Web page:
The Motorola Droid is a dual band digital CDMA phone that works with Verizon Wireless in the US. It has EV-DO Rev. A for fast data and fallback to 1xRTT. Wifi 802.11b/g is on board when you're not in a good EV-DO coverage area, but keep in mind you must get a data plan with this phone. Google's webkit-based browser (Safari on the iPhone and the Palm Pre browser are also webkit-based) does an excellent job of rendering full HTML sites in desktop fashion. It's also fast at rendering, and thanks to the Droid's very fast CPU, it's as fast as the iPhone 3GS. Flash support should come sometime early next year, but for now the integrated YouTube player that serves mobile versions of YouTube videos does the trick. Videos embedded in web pages such as the one you're reading right now show up in the Android browser, and when you click on the video it opens in the Droid's YouTube player (similar to the iPhone's handling of Flash video). The dedicated YouTube application is standard on all Android phones and offers standard (meh) and high quality (very good) playback options. We had no trouble streaming YouTube video at the high quality setting over Verizon's EVDO Rev. A network with half signal strength (-101 db).
Speaking of signal strength, like many Moto phones, the Droid has excellent reception. Our office is in a Verizon black hole and most phones barely hold onto a bar of 1x and EV. The Droid never dropped EV, always had good data throughput and 1x stayed steady at about 50 to 60% signal strength. If you're in a marginal coverage area, this is the smartphone to get.
Call quality, even with a good signal was OK but not great. Callers said our voice sounded nasal but not underwater. On our end calls were loud and clear but sounded mechanical and digitized. We wouldn't call it bad, just artificial sounding. The speakerphone is uncannily loud. Unless you're at Yankee Stadium during the World Series just after Hideki Matsui hit a homer, you'll have no trouble hearing calls, music and video on this phone. The large speaker grille lives on the back, but we didn't have to turn the phone over to improve volume or quality. The Droid works with Google Voice, Google's calling service that works over data networks rather than Verizon's voice network. You must have a Google Voice account to use this feature, and the service is still running in invite-only mode.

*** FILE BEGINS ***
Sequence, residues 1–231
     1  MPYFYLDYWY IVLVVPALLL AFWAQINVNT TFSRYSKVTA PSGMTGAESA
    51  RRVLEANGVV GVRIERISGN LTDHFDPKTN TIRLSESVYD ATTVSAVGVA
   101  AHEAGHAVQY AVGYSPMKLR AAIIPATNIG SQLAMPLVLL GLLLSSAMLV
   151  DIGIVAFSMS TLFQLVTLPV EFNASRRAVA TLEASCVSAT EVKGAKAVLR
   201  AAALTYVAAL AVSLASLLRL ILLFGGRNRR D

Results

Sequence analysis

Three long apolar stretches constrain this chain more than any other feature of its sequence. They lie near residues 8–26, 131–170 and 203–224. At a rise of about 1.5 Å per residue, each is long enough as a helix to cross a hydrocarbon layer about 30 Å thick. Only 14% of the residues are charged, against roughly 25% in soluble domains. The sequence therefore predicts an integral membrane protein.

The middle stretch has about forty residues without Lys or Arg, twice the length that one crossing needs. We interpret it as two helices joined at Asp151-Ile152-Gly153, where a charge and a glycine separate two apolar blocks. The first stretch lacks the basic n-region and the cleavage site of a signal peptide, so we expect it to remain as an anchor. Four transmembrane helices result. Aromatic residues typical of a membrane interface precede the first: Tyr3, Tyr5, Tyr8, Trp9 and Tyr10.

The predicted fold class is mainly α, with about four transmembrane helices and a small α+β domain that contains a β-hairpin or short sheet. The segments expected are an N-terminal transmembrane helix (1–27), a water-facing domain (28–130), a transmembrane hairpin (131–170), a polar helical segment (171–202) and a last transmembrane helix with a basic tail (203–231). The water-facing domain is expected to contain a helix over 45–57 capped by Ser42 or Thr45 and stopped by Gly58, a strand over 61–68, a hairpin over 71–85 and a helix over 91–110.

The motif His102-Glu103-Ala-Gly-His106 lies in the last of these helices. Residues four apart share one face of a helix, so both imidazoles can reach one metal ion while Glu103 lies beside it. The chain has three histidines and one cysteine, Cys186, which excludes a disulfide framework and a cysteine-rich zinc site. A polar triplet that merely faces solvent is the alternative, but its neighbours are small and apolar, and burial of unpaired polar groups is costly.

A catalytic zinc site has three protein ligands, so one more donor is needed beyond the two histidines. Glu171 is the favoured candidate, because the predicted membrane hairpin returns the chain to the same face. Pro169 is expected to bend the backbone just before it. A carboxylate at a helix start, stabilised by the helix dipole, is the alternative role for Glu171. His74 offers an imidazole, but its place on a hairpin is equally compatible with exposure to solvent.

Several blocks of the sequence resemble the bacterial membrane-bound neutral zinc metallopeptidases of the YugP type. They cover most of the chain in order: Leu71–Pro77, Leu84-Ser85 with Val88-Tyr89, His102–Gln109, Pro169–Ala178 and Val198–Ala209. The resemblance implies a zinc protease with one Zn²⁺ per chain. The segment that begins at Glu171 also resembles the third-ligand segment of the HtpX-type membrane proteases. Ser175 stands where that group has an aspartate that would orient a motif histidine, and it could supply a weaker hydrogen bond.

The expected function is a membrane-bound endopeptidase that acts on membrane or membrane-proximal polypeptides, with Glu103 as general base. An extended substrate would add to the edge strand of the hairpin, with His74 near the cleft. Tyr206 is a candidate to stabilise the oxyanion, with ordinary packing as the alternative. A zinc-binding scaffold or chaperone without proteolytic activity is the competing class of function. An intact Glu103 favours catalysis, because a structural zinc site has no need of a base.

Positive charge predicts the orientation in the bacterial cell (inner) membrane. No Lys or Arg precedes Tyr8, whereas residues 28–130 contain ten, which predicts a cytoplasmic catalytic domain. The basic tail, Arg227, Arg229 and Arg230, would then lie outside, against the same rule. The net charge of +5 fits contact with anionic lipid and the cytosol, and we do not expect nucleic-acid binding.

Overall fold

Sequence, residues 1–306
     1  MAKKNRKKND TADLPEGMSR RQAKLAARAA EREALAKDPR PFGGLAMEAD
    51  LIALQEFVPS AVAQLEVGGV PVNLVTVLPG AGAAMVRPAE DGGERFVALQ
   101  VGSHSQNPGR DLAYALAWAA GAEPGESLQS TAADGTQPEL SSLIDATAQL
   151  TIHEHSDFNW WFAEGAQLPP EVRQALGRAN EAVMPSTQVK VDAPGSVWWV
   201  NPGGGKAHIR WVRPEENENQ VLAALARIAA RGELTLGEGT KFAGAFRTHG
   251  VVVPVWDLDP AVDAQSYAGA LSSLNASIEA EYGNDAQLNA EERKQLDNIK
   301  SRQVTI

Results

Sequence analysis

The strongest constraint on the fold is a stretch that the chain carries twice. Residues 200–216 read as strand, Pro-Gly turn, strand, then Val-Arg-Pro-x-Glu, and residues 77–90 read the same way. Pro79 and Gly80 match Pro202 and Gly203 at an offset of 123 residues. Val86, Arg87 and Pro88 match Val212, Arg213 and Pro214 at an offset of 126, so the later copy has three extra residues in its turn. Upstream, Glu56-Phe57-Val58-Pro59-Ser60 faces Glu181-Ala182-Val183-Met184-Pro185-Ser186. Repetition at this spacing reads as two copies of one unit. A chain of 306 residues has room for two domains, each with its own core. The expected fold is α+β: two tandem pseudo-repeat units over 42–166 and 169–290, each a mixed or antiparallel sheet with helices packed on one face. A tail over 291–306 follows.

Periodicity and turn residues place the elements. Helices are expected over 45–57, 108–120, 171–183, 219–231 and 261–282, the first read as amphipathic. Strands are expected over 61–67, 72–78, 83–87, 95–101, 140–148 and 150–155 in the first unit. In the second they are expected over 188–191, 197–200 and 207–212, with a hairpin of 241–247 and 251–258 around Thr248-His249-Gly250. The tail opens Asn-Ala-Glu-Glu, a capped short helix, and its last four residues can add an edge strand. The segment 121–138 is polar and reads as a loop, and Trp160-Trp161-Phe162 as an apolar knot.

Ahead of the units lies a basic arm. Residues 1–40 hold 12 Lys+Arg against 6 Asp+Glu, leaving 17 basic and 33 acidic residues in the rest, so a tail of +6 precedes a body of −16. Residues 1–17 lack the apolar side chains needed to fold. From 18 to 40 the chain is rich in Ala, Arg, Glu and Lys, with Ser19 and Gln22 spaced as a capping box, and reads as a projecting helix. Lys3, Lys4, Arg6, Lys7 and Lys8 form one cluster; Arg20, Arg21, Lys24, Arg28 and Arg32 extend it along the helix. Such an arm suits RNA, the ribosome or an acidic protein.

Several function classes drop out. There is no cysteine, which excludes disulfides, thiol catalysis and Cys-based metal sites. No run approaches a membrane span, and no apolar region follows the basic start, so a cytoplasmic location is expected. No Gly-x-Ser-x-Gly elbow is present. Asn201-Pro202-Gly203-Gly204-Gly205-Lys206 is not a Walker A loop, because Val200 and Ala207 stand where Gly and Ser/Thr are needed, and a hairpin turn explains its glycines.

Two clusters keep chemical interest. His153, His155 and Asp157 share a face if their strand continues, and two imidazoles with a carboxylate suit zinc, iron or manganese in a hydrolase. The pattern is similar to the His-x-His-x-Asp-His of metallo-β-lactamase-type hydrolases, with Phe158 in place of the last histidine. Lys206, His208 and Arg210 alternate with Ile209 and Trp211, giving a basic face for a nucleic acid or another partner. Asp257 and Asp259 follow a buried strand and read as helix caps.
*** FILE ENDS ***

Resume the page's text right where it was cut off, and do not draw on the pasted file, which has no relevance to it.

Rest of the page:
Software and Android OS 2.0
The Droid is a full "with Google" phone which means it hasn't been heavily customized like the "powered by Android" HTC Hero and Moto Cliq. In theory this means the smartphone should be eligible for Google OS updates that are managed by Google and the carrier rather than requiring a customized new OS version created by the manufacturer (Motorola in the Droid's case). It also means vanilla Android, and that's not a bad thing given the operating system's freshness and pleasant UI, but we do long for a bit of that special sauce as with HTC's Sense UI. There's no MOTOBLUR here, and that's likely a good thing for the older and more business-oriented market the phone targets. That doesn't mean you can't social network your heart out. Facebook is pre-installed and in fact integrates with contacts beautifully without creating duplicates. It has a home screen widget so you can keep track of your friends. You can download Twitter clients with and without widgets and a variety of IM clients. Google's own Google Talk is the only pre-installed IM client.
Android OS 2.0 syncs with MS Exchange as well as Google. There's support for syncing to other sources, for example Facebook. MS Exchange syncs calendar and contacts and picks up Exchange email. Android 2.0 still has that strange separation between Gmail and other email; there's a Gmail icon and an Email icon. Likewise SMS/MMS Messaging lives in the Messaging application. If you sync your MS Exchange calendar, that data goes into a separate Corporate Calendar application. HTC's integration on the Hero is tighter and they added syncing over the cable to Outlook in Windows in their customized Android build-- sorry Droid, you're second best.
Media syncing is still nonexistent. Want music or video? Load them onto a microSD card yourself-- there's no mollycoddling iTunes treatment here. The Droid has a decent music player that supports MP3 and non-DRM iTunes AAC format tunes. The Gallery handles video playback with limited format support: basically MPEG4 encoded in H.264 format. Fortunately that's a popular format and the same commonly used to rip content for the iPod and iPhone. Again, thanks to that Cortex A8 CPU, the Droid handled video playback from the microSD card very well. We tested it with a 720 x 360 pixel video encoded at 1,050 kbps and it played perfectly. That's better than the HTC Hero and MyTouch 3G, both of which use and old and dreary 528MHz Qualcomm CPU.